There are many ruins of small castles in Slovakia, which were more like stone manor houses. I just love the image of a ruined castle, and when I travel to Europe, those sites are ones I try to visit. There’s something about castles that implies a romantic history and untold stories.

I agree completely. It’s hard to find a backdrop more fascinating than a castle, especially one hidden away in the snow-covered mountains. Which brings me to my next question. Are you a skier? Snowmobiler? (I don't know if that's even a word). It just seems like you covered a lot of details that would require research, and I'm wondering where you found your facts or if it's from personal knowledge.

I skied quite a bit when I was younger. Now, because I have asthma that’s gotten more severe, I go rarely, though the rest of my family loves to ski. Last year while they were skiing, I went snowshoeing in the woods and that was almost as much fun. I’d like to get back out on the slopes if I can get the asthma better under control and get my lung capacity back up. I love being outside in the snow, and always have, though I have a healthy respect for the dangers of bad weather. I almost got frostbite as a child when I went skiing in Germany, so I’m very aware of how quickly things can go wrong.

Oh, Dee, I’m sorry to hear about the asthma problems. I hope you get your health back to full power soon so that you can get back to something you love so much.

Another thing I wondered about was your intended audience. Did you target this more toward boys? You did a great job of using the teen male POV, but you have several themes that would definitely also appeal to young girls. Boy actor, wolves, acting, and Raine is a pretty strong female character. I'd love to know your strategic reasons for that, if there were any.

Writing from a boy’s POV comes fairly easily to me, though I’m sure I don’t get it right all the time. I was not a very girly girl growing up, and I started writing middle grade after my son begged me to read some of his books. They were all from a boy’s POV, and the way the stories flowed seemed to fit a style I felt comfortable using. My son is always my first beta reader and he tells me if I’m on target. Right now I’m working on a new story for a girl’s POV and it has been much more challenging.

Well, I’m thankful to your son for providing you with so many opportunities to learn your craft well enough to execute such a gripping story. And it is gripping! Every page is filled with action, or tension, or mystery, or some combination of the three. I applaud you for your ability to keep the reader in such a heightened state of expectation throughout the entire book.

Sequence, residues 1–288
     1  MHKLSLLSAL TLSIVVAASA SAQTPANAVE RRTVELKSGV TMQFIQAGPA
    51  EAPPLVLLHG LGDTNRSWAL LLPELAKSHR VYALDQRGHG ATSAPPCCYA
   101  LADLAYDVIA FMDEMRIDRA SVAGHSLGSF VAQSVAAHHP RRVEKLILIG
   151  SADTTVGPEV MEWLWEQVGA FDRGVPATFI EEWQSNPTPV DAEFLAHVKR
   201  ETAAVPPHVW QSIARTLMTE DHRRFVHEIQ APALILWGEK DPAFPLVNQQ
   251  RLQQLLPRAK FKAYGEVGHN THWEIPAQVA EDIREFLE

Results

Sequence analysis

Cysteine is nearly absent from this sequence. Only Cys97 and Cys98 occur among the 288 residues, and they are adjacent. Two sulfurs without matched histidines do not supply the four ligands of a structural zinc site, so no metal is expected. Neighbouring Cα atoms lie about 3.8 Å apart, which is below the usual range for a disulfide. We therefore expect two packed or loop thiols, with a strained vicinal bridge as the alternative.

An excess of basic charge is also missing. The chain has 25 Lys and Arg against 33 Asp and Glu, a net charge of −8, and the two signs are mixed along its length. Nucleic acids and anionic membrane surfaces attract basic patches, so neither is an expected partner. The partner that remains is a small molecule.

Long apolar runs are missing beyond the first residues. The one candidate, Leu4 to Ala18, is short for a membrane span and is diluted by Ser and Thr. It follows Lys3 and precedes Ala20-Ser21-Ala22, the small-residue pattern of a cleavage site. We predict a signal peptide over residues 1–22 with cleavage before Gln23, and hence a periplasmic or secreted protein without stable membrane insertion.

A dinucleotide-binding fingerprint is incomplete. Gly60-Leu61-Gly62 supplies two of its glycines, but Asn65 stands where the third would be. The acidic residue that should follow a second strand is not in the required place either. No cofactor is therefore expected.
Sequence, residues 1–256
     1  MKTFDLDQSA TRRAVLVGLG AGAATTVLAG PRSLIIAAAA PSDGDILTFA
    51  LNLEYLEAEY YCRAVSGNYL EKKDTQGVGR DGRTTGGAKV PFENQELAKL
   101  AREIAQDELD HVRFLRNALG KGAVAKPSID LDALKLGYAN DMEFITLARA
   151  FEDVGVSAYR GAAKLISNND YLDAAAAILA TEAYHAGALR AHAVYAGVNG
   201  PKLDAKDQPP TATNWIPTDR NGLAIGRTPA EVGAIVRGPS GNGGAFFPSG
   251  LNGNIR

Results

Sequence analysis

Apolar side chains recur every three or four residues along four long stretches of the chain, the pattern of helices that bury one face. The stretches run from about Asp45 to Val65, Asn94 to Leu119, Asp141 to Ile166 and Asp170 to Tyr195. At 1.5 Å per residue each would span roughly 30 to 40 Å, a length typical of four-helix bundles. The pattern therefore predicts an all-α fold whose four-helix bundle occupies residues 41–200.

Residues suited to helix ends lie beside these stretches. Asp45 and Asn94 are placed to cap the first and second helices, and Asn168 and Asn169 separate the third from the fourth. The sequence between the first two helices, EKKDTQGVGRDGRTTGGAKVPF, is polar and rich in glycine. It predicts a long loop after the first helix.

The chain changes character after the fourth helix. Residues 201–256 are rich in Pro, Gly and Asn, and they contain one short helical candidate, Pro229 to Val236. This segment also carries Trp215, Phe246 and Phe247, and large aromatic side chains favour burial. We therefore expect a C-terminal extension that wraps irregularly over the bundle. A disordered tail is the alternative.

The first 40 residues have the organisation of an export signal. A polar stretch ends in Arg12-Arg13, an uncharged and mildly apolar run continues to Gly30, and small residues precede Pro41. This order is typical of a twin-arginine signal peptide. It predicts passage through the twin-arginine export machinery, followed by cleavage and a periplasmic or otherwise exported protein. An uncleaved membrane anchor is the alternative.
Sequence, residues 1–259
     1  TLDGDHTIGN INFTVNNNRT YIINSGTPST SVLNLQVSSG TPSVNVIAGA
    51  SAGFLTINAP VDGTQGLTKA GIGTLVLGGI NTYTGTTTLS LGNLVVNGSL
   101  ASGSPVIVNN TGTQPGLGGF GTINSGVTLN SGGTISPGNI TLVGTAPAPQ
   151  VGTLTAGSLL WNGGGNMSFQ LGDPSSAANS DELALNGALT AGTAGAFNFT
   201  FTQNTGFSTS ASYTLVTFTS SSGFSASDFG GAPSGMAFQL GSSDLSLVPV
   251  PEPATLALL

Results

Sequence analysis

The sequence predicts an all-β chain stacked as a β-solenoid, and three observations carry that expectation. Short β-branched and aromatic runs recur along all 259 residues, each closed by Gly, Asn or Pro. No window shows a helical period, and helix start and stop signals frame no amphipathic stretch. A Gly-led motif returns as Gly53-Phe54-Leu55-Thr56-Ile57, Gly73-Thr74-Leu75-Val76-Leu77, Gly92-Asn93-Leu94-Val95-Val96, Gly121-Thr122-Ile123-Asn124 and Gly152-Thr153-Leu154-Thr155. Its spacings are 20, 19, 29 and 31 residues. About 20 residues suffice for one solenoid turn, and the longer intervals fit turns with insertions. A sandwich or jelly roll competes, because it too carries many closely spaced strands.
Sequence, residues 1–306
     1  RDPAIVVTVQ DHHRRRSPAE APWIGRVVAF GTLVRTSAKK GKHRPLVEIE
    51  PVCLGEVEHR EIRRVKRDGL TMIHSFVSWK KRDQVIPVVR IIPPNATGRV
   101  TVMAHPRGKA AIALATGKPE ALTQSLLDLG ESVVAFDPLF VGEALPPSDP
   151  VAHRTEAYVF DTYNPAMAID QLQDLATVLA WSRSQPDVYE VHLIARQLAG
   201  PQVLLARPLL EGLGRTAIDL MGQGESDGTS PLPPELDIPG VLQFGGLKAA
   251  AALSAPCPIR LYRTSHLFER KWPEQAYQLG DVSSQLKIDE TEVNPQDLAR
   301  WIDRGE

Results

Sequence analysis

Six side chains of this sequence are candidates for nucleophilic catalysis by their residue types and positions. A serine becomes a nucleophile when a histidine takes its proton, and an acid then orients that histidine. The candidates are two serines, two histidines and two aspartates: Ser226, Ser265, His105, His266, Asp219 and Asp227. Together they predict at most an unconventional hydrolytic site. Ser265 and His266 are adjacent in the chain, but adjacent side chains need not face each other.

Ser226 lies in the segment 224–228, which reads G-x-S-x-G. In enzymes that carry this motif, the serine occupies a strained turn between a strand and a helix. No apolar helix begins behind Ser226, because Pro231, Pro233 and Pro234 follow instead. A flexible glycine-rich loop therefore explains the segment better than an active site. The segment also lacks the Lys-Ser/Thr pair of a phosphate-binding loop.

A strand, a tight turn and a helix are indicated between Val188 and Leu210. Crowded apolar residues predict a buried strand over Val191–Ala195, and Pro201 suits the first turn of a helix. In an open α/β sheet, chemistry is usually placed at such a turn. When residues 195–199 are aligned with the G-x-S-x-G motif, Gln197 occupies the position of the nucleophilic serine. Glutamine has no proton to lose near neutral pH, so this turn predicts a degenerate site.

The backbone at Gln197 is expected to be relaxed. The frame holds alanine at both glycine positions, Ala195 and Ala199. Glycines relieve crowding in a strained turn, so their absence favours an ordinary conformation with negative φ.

Thank you so much, Dee, for coming by and allowing us to get a closer look at your personal life. I know we all have a tendency to idolize our favorite authors, and it’s nice to know they are still human. I wish you the best of success in your writing career, and I urge my readers to check out your books and see for themselves what we’re talking about here.

Thank you, Melody! I love to have a chance to talk about my stories.

Wolf Storm is available in some bookstores and at all online sites. It's also available in ebook form. Wildfire Run is available in hardcover, paperback, and audio. It may still be in some bookstores, but it is definitely available at online sites as well.

I hope everyone enjoyed my interview with Dee as much as I did. She’s a gifted writer and a very nice lady. To register for an opportunity to win an autographed copy of her book, simply follow my blog and leave a comment. And since this is a hard copy book, you’ll need to provide an email address so that I can notify the winner and obtain mailing information.


Cornell Deville said...

Great interview. The book sounds very interesting. I'm putting it on TBR list right now. Good luck with it.

Arley Cole said...

Loved this interview!! And the book sounds wonderful. I'd love to win!!

Anonymous said...

My thanks to Dee for having an interview with you. It was very informative, and the book sounds incredible. Good interview, Melody!

Ruth Donnelly said...

Excellent interview, Dee and Cordelia! Wolf Storm sounds awesome!

Sheila JG said...

I love reading about how books come together, and this was very interesting. Thanks to both of you!

Cordelia Dinsmore said...

Hey - I know you people! It's so great to see friends over here from other sites. Welcome! Hope the interview was as interesting as all of you are making it sound. I enjoy these, and they aren't nearly as overwhelming as I imagined.

Come back anytime - and often! And thank you so much for your support.

Post a Comment